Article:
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Phytoplankton in Relation to Physical-Chemical Properties of the Environment
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Photosynthesis of Phytoplankton

The intensity of light decreases gradually with depth; yet for the purpose of biological investigations it is convenient to consider the sea as divided vertically into three zones with respect to the amount of light that is present. The depths given are approximations and vary with latitude and season.

  1. The euphotic zone, which is abundantly supplied with light sufficient for the photosynthetic processes of plants. This zone extends from the surface to 80 or more meters. All of the eulittoral zone lies within this layer.

  2. The disphotic zone, which is only dimly lighted and extends from about 80 to 200 or more meters. No effective plant production can take place in this zone, and the plants found here have mostly sunk from the layer above.

  3. The aphotic zone, the lightless region below the disphotic zone. In the deep sea it is a very thick layer in which no plants are produced and the animal life consists only of carnivores and detritus feeders.

Until the relationship between rate of photosynthesis and light intensity at different wave lengths is more thoroughly understood than at present, it will be necessary to restrict discussion to the relationship between rate of photosynthesis and total light intensity in the sea as expressed in energy units or in units of illumination.

When using energy units the light intensity is expressed in ergs per unit surface and unit time, for example, ergs/cm2/sec; or in gram calories or joules per unit surface and unit time (1 g cal = 4.18 × 107 ergs, 1 joule = 107 ergs). The penetration of radiant energy in the sea was discussed in chapter IV (p. 104). It was stated there that no direct measurements are available of the energy which under different conditions reaches different depths below the surface, but that these amounts could be computed from observations of the extinction coefficients for radiation of different wave lengths and from the intensity of the radiation of stated wave lengths reaching the sea surface (table 27, figs. 21, 22). In all experiments in which the intensity of light has been examined in conjunction with studies of photosynthesis, the energy at different levels has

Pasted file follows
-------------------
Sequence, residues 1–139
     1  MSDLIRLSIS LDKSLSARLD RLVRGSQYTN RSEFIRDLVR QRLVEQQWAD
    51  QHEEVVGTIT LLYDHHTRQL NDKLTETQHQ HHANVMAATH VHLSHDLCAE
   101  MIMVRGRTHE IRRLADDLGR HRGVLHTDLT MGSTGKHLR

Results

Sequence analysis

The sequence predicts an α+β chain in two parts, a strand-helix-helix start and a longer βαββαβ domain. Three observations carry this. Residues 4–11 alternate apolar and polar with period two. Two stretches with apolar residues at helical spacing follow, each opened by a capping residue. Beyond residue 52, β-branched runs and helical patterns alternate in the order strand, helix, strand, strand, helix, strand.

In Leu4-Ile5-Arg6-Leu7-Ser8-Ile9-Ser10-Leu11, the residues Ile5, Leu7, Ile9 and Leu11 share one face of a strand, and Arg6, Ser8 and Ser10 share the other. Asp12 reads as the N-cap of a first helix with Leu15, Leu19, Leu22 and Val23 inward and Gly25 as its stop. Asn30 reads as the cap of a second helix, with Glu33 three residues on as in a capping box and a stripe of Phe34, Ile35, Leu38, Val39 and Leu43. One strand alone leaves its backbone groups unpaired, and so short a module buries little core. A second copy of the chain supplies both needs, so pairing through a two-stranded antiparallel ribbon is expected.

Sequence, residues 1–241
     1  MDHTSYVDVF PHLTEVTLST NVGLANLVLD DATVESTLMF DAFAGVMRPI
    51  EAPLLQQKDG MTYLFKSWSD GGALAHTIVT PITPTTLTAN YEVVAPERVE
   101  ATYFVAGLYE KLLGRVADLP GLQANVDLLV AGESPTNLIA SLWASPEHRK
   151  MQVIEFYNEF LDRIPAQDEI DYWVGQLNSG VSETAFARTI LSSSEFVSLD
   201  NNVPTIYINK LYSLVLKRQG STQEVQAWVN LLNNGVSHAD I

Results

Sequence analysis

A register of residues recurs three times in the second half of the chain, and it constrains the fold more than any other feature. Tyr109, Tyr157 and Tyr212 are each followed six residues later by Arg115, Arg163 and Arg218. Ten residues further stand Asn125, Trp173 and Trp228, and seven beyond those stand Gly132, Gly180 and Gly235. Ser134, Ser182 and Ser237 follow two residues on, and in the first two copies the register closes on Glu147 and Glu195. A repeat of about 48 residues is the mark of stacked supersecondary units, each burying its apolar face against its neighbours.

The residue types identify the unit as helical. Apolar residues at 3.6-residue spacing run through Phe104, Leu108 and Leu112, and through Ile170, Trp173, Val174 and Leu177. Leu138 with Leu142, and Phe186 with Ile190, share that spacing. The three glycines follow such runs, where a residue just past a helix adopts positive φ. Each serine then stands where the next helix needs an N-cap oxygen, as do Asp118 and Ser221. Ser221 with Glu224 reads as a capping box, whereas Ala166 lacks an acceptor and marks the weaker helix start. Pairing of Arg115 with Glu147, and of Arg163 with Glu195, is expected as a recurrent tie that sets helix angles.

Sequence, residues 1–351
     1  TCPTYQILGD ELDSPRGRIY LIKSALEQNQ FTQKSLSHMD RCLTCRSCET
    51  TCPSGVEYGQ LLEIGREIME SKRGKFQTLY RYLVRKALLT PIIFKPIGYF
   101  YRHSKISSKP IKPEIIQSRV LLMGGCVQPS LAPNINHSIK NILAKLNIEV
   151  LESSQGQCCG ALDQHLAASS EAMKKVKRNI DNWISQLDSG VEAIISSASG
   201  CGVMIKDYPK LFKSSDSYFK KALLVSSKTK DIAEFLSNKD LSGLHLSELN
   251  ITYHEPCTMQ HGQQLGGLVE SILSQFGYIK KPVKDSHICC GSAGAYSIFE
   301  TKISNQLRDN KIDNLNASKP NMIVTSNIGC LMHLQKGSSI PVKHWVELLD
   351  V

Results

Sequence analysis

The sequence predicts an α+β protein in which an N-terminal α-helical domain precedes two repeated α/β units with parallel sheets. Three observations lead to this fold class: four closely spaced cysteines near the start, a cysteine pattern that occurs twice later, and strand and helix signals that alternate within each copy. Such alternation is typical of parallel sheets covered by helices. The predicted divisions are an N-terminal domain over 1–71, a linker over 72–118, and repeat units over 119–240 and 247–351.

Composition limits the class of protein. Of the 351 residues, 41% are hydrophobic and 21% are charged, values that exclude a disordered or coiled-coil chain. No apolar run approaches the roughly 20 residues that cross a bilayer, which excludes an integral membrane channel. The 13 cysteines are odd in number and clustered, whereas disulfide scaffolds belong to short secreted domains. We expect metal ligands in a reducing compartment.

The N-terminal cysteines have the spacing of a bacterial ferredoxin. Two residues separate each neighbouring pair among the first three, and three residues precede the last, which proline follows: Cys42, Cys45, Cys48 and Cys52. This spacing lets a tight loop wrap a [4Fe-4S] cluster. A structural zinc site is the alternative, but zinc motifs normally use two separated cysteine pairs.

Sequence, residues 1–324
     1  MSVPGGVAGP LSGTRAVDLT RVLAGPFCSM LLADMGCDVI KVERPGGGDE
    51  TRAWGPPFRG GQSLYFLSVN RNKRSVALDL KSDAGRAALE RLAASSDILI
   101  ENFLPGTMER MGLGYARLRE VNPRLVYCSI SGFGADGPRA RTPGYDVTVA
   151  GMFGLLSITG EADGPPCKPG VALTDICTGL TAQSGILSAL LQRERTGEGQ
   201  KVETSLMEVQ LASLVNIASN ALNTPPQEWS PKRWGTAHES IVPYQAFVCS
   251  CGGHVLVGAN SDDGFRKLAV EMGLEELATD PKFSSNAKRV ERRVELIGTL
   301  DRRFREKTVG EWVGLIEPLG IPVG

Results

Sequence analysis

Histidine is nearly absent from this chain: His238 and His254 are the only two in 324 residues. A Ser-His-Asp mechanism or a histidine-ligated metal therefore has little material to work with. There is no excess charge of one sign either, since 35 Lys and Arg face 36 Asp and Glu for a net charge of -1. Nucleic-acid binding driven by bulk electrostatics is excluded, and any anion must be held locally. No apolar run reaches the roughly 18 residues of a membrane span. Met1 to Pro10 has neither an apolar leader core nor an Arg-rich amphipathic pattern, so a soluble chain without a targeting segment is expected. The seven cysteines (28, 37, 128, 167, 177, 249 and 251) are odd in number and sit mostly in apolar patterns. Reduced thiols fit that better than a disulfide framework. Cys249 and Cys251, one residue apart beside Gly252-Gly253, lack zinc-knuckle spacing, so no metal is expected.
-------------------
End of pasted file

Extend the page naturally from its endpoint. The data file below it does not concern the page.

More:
been computed on such a basis. The light which penetrates to any considerable depth in the sea falls within a narrow band of the spectrum between approximate wave lengths of 0.45 μ and 0.60 μ, corresponding to light in the blue-to-yellow range. In marine plants, photosynthesis takes place within this part of the spectrum, for which reason the photosynthesis can be expected to stand in a fairly definite relation to the total energy.

In a number of published reports on photosynthesis in the sea, light intensity is expressed in units of illumination, that is, in units based on the power of light to produce visual sensation. Illumination units such as 1 meter-candle = 1 lux = 0.093 foot-candle have been widely used, and it is therefore necessary to explain their relation to the energy units. Because the unit of illumination is directly based on the reaction of the human eye, a mechanical equivalent of the illumination unit can be established only at a specified wave length. At moderate illumination the maximum sensitivity of the human eye lies at a wave length of 0.56 μ, and at this wave length the “luminous equivalent” has been established (Smithsonian Tables, 1933) at

There exists no simple relation, however, between the total energy of radiation of different wave lengths and the corresponding illumination in luxes, the reason being that the human eye is not at all sensitive to infrared radiation and is only slightly sensitive to radiation in the violet part of the spectrum. More than half of the radiation from sun and sky which reaches the sea surface falls in the infrared, and the eye is not very sensitive to a great portion of the remaining half, so that the luminous equivalent as defined above has to be multiplied by a factor of about 0.15 in order to give the illumination in luxes corresponding to a given intensity of the radiation in energy units. In the sea the infrared part of the radiation is absorbed in the upper few centimeters and, owing to the selective absorption in the visible part of the spectrum, the energy which penetrates to greater depths becomes more and more concentrated at wave lengths to which the human eye has its greatest sensitivity. Consequently, the factor by which the luminous equivalent must be multiplied in order to give the illumination in luxes increases with depth, reaching a value of approximately 0.75 at depths where the incident energy is reduced to 1 g cal/cm2/hour or less.

It is not possible to give any table by means of which the energy reaching a certain depth can be converted into units of illumination, because the conversion factors will depend upon the quality of the light. Thus, in turbid coastal water and in the clearest oceanic water the same amount of energy is found at the depths of 10 and 100 m, respectively (table 27), but at 10 m in the coastal water the maximum intensity lies

at a wave length of 0.55 μ, whereas at 100 m in the oceanic water the maximum intensity is at a wave length of 0.48 μ. At these intensities the maximum sensitivity of the human eye will be at about 0.55 μ, and the illumination at 10 m in the coastal water would therefore be greater than at 100 m in the clear oceanic water, in spite of the energies being equal.